Thursday, 25 February 2021

Author’s latest creation has monstrously funny secret

Author’s latest creation has monstrously funny secret

A HENLEY children’s author has written the first in a projected five-book series for younger readers.

Robin Bennett’s Monster Max and the Bobble Hat of Forgetting was published yesterday (Thursday) by Firefly Press.

With illustrations by Tom
Tinn-Disbury, the 176-page paperback tells the story of Max, a nine-year-old boy with a most unusual superpower.

Whenever he burps, he turns into a huge dustbin-eating monster who runs around Oxford city centre bending statues into different shapes.

Robin, who lives in Queen Street, first came up with the idea for the character three years ago and was encouraged by the reaction of his own children — then aged 13, 12 and nine.

He says: “Max turns into a monster when he burps, and when he sneezes he turns back into a small grubby boy again.

“They immediately kind of went, ‘Oh, I’m interested in this story, this story has potential for me.’ And it’s lovely when you see that in children.

“Also I think you know with your own children whether they’re just being nice about it because you’re their dad, or whether it genuinely has captured their imagination. Because if they’re just being polite, they’ll never mention it again.

“They’ll make all the right noises but if they actually talk about it again, and if they ask for things — if they ask to know more about the story — then you know you’re on to a winner.”

The author of more than 20 books for all ages, Robin founded Aktuel Translations in 1992, the year he graduated from Royal Holloway University, followed by independent publishers Monster Books in 1997.

Both firms now have offices in Hart Street, but Robin’s links with Henley go back much further.

He says: “We lived just down the road in Pangbourne when I was growing up, but my grandfather lived in Damer Gardens. He was a bank manager at Barclays in Hart Street.

“I went to the Oratory Prep and my parents disappeared off to live in France, so I spent most holidays in Henley and in the big summer holidays I’d go over to France.”

A formative influence on the young Robin was his great aunt, Hilda Harding, who lived in Lower Shiplake.

She famously became Britain’s first female bank manager, having previously worked at the same Barclays branch as Robin’s grandfather.

Robin says: “She got me by the scruff of the neck when I was at the Oratory Prep and then made sure I stayed on the straight and narrow. She got me through all my exams, basically.” Now 52, Robin says his interest in writing fiction for younger readers has grown over the years.

“I’m regressing,” he laughs. “I started off writing for adults and found myself going down the age groups. Monster Max is the first time I’ve really written for what I think is the holy grail of children’s fiction — ages six to eight.

“Because when you write fantasy for adults and you get a bead on that, and you understand how that sort of works, it’s then quite easy to dial it down and write for teens and even the 10-to- 12 age group.

“But it’s a completely different type of writing for ages six to eight. And I think it’s so special because it’s the first time that you get to choose and read something on your own.”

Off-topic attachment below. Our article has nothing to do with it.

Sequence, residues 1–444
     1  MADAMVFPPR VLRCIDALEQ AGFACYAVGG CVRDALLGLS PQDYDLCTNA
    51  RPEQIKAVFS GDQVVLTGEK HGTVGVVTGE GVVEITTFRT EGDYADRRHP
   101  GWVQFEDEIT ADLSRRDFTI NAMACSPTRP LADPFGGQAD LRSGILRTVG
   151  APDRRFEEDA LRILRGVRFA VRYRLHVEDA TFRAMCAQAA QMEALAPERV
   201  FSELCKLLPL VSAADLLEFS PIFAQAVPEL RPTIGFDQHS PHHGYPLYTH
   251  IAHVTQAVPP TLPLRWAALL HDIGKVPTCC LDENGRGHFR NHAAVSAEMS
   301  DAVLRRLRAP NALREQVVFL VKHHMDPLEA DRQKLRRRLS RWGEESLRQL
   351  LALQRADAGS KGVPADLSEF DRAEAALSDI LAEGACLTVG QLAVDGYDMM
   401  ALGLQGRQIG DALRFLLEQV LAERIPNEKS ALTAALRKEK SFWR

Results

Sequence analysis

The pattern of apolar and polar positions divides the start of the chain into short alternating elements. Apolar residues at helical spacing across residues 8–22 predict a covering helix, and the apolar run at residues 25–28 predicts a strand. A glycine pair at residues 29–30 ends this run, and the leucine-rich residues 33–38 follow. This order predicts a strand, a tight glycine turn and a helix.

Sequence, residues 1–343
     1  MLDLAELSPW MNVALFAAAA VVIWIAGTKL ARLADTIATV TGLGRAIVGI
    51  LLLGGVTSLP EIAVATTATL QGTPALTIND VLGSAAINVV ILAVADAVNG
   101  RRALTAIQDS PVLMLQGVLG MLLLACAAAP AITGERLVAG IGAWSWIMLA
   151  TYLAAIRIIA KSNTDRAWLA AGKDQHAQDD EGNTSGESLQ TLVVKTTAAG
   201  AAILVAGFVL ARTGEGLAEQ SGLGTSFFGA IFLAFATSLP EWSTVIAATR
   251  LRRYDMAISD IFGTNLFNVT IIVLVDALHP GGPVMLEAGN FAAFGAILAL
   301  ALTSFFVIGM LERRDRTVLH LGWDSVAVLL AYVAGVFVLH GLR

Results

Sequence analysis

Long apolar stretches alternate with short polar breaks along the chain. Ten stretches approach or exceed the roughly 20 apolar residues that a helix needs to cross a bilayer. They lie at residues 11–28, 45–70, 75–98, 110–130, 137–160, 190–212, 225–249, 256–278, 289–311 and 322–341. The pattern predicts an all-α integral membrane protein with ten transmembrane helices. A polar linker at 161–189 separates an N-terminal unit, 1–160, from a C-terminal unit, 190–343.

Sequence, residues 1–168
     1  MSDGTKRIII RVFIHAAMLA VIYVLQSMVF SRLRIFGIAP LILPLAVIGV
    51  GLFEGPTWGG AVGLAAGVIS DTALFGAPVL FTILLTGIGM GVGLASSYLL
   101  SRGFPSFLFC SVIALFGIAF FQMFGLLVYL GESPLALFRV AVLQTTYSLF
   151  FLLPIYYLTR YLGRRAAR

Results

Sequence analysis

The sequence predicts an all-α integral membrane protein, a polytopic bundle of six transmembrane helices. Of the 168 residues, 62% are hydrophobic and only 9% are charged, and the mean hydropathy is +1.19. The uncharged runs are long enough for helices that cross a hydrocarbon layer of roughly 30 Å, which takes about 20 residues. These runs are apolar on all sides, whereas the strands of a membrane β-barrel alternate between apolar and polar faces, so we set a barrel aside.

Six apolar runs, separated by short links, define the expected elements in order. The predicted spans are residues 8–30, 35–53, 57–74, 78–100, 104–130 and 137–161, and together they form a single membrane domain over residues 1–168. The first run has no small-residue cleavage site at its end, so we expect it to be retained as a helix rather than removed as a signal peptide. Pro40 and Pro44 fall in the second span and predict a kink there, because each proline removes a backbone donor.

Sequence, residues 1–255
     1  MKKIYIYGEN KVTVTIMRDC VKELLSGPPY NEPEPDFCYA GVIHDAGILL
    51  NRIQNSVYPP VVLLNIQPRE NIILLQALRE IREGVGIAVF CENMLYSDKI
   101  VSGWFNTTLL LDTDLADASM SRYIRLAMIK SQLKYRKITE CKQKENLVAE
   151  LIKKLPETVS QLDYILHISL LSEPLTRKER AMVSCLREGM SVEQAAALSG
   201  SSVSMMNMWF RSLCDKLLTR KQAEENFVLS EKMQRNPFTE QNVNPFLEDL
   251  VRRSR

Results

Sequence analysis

Robin says he has greatly enjoyed working with illustrator Tinn-Disbury, though he admits that creative collaborations are not always entirely straightforward.

He says: “My editor asked me how much involvement I wanted and the only thing I sort of said was that I wanted it to feel a bit like Paddington, like that kind of scratchy style. And then I left Tom to get on with it.

“You’ve got that awful moment when you see the roughs and nothing looks like it looked in your head when you’re sitting in the spare room at home.

“But it just needs processing and now, in my head, Max is exactly how Tom has drawn him.”

Together with The Wind in the Willows, the Paddington Bear books were some of Robin’s favourites as a child.

He says: “I loved the whole Thames thing because obviously living and growing up where I did we spent our life on the river. So that was a big thing.

“Paddington I liked because it’s fantasy but it’s very gentle fantasy. There’s only one big fib in Paddington, that bears can talk, and I really like that.

“Everything else is sort of recognisable to the child reading it. And they like that as well, the children. They want most things to be recognisable. It’s not always the case, but they don’t always want everything to be completely different to the real world.”

As for Monster Max, Robin has so far outlined the plots of five books and is currently busy writing the second in the series.

He says: “I’ll have the first 25,000-word draft by the end of this month. I’m guessing I’m about 5,000 words in at the moment. So I write it reasonably quickly — I tend to write in the afternoons after I walk the dog.

“Then what I’ll do is I’ll try to leave it as long as I possibly can before looking at it again. Then I’ll give it a once over before giving it to my editor.

“She will then go through and hopefully not rip it to shreds, but there will be quite a lot of discussion about where it’s going and what to do.”

There is one time-honoured rule of children’s fiction that Robin admits he has decided to ignore this time around.

He says: “I didn’t get rid of the parents. In fact, Max’s parents are both fantastic. Max is given the space to fight his own battles with his arch-nemesis, the genius inventor, Peregrine.

“But they are supportive enough to give him the confidence that he can win the day — and they never take parenting, nor Max, too seriously.”

To read the first chapter of Monster Max and the Bobble Hat of Forgetting, visit www.firefly

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